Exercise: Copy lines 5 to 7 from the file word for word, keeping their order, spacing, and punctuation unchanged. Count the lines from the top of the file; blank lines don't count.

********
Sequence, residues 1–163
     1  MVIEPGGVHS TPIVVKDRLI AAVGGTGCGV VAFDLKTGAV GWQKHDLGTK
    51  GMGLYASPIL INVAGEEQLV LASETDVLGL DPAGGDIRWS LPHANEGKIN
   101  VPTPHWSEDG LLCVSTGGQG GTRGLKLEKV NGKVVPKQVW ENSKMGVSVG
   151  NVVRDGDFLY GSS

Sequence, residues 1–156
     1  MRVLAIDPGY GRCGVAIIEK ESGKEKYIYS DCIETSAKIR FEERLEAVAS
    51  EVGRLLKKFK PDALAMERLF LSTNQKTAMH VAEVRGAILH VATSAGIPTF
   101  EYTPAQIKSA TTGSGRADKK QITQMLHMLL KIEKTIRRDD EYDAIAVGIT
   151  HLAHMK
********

   151  NVVRDGDFLY GSS

Sequence, residues 1–156
     1  MRVLAIDPGY GRCGVAIIEK ESGKEKYIYS DCIETSAKIR FEERLEAVAS